Due to high risk of predation, dolphins often avoid regions inhabited by Tiger sharks. Injured whales may also be attacked and eaten. A group was documented killing an ailing humpback whale (Megaptera novaeangliae) in 2006 near Hawaii. They have been documented alongside Great White sharks, scavenging on whale carcasses.
Terrestrial mammals, including horses (Equus ferus caballus), goats (Capra aegagrus hircus), sheep (Ovis aries), dogs (Canis lupus familiaris), cats (Felis catus), and brown rats (Rattus norvegicus), are fairly common in the stomach contents of Tiger sharks around the coasts of Hawaii. In one case, remains of two flying foxes were found in the stomach.
Ram-Suction Index: Ram
Aesthetic Identification: Tiger sharks are called and known for their distinct stripe and spot patterns vertically down their bodies, like a tiger. These stripes are apparent when they are born through their youth and disappear as they age. It is a clever, counter-shaded, coastal camouflage of wave shadows. They are grey-green or grey-blue shading to black above, and under on the belly side light grey, to cream or muddy yellow. Tiger sharks are the only species of requiem sharks with suction holes (Spiraculi).
The Tiger shark’s dorsal fin will have the same camouflage stripes. A tiger shark generally has long fins to provide lift as the shark maneuvers through water. Its high back and dorsal fin act as a pivot, allowing it to spin quickly on its axis, though the shark’s dorsal fins are distinctively close to its tail. They have prominent interdorsal ridge and low caudal keels.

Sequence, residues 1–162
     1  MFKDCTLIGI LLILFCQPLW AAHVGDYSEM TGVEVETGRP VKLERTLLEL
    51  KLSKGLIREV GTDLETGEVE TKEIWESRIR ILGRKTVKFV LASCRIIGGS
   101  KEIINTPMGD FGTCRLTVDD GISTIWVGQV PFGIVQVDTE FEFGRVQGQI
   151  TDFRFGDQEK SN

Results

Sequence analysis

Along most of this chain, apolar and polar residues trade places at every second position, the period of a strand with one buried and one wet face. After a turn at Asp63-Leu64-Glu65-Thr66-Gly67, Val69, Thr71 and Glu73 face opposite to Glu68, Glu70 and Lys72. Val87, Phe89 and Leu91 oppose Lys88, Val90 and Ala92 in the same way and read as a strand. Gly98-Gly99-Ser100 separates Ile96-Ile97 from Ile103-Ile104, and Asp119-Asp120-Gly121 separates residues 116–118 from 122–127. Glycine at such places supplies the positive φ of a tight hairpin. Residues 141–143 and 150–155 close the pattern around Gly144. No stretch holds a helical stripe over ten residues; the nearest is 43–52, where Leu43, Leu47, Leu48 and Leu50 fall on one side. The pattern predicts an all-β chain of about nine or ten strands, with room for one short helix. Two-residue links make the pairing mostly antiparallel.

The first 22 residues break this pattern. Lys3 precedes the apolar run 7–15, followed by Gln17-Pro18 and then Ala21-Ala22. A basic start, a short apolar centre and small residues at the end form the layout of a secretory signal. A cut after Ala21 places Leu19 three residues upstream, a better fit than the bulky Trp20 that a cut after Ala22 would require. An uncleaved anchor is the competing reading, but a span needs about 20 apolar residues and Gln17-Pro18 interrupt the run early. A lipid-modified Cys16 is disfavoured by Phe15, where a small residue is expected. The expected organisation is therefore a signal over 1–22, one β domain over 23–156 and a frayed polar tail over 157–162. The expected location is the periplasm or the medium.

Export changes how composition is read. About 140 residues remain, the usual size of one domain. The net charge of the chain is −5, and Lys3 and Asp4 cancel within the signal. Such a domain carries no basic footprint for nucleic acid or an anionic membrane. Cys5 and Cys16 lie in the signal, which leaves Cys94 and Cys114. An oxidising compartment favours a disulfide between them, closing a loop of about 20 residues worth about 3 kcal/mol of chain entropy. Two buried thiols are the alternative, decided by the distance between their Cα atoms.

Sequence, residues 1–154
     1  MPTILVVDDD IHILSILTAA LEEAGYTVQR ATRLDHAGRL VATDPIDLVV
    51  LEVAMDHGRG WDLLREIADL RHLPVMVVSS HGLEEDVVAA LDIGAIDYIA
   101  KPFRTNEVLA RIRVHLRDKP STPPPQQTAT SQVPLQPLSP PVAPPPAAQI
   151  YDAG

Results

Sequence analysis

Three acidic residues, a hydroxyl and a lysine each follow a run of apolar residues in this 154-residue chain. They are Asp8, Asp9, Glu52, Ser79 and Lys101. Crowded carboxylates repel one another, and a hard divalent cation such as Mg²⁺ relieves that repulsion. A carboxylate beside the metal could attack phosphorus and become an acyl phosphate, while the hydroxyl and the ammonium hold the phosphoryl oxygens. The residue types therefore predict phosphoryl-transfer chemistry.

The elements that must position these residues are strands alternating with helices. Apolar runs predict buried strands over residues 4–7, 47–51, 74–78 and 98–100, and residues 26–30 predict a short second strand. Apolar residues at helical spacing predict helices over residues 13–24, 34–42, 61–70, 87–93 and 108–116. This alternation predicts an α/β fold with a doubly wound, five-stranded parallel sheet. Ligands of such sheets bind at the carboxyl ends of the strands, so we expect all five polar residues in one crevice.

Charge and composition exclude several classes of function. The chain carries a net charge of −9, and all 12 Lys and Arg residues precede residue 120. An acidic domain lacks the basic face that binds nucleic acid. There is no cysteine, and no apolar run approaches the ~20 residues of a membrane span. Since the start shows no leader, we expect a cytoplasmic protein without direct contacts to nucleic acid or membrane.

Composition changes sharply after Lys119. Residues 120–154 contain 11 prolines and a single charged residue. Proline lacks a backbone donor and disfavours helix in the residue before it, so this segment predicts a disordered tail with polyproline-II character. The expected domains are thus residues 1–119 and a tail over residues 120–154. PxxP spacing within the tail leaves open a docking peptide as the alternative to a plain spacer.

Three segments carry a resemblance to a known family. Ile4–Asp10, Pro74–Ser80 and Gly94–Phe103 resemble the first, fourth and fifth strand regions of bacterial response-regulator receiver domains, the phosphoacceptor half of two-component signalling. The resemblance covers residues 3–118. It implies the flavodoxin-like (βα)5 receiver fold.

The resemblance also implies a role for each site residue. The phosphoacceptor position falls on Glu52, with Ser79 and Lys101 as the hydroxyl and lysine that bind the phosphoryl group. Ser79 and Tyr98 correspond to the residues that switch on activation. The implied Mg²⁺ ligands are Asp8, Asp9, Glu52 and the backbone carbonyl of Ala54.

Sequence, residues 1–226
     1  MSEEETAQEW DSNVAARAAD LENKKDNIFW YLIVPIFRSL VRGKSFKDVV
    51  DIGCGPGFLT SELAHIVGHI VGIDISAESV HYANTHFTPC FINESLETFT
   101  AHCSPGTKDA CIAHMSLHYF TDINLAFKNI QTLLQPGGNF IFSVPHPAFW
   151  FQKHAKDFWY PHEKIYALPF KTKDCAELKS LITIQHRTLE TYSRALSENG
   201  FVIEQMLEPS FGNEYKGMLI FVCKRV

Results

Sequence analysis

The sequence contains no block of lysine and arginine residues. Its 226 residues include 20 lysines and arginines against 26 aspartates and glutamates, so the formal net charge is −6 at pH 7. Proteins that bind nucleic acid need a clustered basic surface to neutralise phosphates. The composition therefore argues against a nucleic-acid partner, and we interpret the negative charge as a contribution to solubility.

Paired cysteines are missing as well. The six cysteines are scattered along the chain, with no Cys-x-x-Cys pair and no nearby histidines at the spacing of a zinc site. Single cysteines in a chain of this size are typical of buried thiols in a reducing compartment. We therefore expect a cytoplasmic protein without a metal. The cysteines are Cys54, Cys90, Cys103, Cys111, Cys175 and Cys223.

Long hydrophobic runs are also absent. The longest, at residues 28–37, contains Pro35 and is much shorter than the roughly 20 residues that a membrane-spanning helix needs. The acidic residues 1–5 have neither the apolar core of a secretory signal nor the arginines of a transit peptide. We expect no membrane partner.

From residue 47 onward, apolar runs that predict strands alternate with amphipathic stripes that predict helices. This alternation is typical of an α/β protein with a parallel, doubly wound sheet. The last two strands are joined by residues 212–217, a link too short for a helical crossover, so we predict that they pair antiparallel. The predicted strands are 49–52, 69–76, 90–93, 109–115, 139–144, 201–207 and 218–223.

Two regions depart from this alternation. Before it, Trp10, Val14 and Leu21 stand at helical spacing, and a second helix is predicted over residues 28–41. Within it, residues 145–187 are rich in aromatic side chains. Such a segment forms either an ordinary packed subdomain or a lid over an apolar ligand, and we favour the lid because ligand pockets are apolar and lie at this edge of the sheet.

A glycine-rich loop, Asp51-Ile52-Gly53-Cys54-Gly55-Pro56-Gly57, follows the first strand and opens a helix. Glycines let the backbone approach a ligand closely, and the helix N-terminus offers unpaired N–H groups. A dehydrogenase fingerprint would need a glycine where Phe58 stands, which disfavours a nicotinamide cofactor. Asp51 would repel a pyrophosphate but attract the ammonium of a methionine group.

Biology and Reproduction: Male Tiger sharks reach sexual maturity at 8 feet and females at 10 feet. They mate during the spring. Tiger sharks are ovoviviparous. They produce eggs but retain them inside the female body until hatching occurs, so that “live” offspring are born. Gestation is just over 12 months (but possibly up to 16), and a Tiger shark litter can be between 10-82 young at an average of 20-30 inches. They usually give birth once every three years. One pregnant female caught off Australia reportedly measured 18. 1 foot long and weighed 3,360 pounds.
The male uses his teeth to hold the female still during copulation, often causing the female considerable discomfort. Mating in the Northern Hemisphere generally takes place between March and May, with birth between April and June the following year. In the Southern Hemisphere, mating takes place in November, December, or early January.
A Tiger shark’s recorded life span is around 25 years.